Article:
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Gerry Morin, a Cree from Treaty 6 area in Saskatchewan, recounted a lively discussion he had once with friends, trying to come up with a Cree word for hippopotamus. Not being native to their lands, obviously the animal had never been given a name in their mother tongue.
"Well after a long while, the best we could come up with was (a string of Cree words) - which translates as `from the land of the Black people comes a heavy-footed, wide-bodied, wide-assed, under-water pig.'
"You know, we're trying to figure out what justice is," he continued. "We figured out what hippopotamus is, but we're still trying to figure out what justice is."
What justice is and what it will be in the future for Native communities was the focus of the talks organized by the Royal Commission on Aboriginal Peoples - and the idea of justice was difficult to pin down. But there was general agreement by each person who spoke during the three days, that the existing justice system doesn't work.
Though Aboriginal people account for approximately four per cent of the population of Canada, 12 per cent of the federal penitentiary population is Aboriginal. And though there have been more than 30 government-sponsored studies on Native justice in the last 25 years, little has changed.
The commission also heard that Native people see the existing system as ineffective because of its confrontational and adversarial nature - the way it pits one person against another or a group of others.
Leroy Littlebear, a Native American Studies professor from Alberta summed up his interpretation of the court process succinctly saying, "The whole process of assessing credibility ... you've got two liars up there, and the judge has to sort out the truth."
Federal justice Minister Kim Campbell noted, "too many Aboriginal people are incarcerated in federal, provincial and territorial institutions, " often because they didn't' have enough money to pay fines. She also conceded that, "Meaningful change is possible, but the time has come to get beyond talk. We have an obligation to take the things we have learned and build upon it... We have a long way to move if the justice system is to move away from speaking at Aboriginals in favour of speaking for them and from them."
Like the notion of self-government, the concept of Aboriginal justice will mean different things to different people and to different communities. The matter of whether there is room for interpretation of the existing justice system or whether there will have to be two separate parallel systems was raised. But it became quite clear that with or without the sanction of the governments, Native communities are instituting their own justice systems.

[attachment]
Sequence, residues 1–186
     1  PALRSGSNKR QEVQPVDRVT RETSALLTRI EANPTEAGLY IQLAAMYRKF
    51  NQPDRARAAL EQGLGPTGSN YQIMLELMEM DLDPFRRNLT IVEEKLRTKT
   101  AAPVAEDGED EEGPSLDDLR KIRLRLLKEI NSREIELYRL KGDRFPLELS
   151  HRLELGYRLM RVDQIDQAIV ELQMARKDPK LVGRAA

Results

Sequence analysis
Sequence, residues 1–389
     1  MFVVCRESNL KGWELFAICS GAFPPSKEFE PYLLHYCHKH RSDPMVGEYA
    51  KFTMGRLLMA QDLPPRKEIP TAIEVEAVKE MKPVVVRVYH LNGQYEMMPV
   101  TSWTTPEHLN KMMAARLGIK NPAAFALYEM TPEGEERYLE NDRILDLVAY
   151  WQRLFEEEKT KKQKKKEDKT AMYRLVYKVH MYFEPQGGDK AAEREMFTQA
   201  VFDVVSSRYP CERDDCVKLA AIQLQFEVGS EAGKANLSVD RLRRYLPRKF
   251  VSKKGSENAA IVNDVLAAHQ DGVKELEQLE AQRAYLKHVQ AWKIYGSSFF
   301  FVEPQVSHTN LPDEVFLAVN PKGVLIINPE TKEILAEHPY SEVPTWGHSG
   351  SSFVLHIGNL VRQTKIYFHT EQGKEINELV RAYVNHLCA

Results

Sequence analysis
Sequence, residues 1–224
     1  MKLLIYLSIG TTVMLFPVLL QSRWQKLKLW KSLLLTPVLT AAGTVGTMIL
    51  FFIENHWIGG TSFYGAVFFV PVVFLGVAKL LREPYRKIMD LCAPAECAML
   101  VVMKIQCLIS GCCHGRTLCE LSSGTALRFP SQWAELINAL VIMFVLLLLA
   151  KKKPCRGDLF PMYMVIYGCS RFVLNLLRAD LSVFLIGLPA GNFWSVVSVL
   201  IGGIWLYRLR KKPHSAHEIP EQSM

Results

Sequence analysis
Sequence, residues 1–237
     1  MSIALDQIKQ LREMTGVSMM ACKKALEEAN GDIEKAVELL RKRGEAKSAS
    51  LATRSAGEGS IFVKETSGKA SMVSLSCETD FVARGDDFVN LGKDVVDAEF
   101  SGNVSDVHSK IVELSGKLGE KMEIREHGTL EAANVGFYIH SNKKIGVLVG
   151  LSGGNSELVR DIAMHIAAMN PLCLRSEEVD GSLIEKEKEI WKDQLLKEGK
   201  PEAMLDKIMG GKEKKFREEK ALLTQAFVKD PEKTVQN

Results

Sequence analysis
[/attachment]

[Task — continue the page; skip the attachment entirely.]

"Many Aboriginal communities are practising Aboriginal common law with or without the knowledge of government," noted John Giokas, a lawyer from British Columbia in his paper on how the Canadian justice system could be adapted to accommodate Aboriginal concerns. "Government has to come in on a true tripartite agreement and say, `Okay, this is what you're doing, or have been doing. How can we help?' It will require willingness on the part of justice officials.
Mary Ellen Turpel, a lawyer from Nova Scotia who is also the constitutional advisor for the Assembly of First Nations, also presented a paper at the conference urging the broadest interpretations of justice be used in creating Aboriginal justice systems. "We've got to take away the notion of crime against the state. The adversarial, accusatorial system is not very respectful from the Aboriginal point of view, and the idea that truth can come out of combat is out of keeping with the Aboriginal point of view. There will be administerial problems (of how to institute a separate justice system) but those are superficial.
"Let's have the broadest possible opening so that spirituality can be brought into the justice system so it can work for us. All we say is we're different and we're entitled to be different," stated Turpel.
Ovide Mercredi, AFN Grand Chief, added that any system is capable of change if the political will is there and that Aboriginal people are waiting to hear of a major policy announcement from the Ministry of Justice.
Several of the people in attendance reminded the gathering that Aboriginal people had their own justice systems before contact with European settlers in keeping with their beliefs and traditions.
Tony Mandamin, a Native lawyer based in Alberta contrasted the Native and the non-Native justice systems: "In the Indian system, there would be no trial. In the traditional system, everybody knew you did it, the person who did it didn't deny it. The community is consensus-driven and if you had a reputation as a liar, it's difficult to live in the community..." He noted that in the non-Native system, a trial could take a week or more, while the sentencing takes about five minutes. "In the Indian system, the sentencing could take a week. All these alternative systems talked about here, the sentencing takes time."
"People have gotten used to their elders having no authority, but if they see the judge respects their authority, they will come back (to traditional teachings). We can restore to the Indians what they had and was taken away from them," declared Mandamin.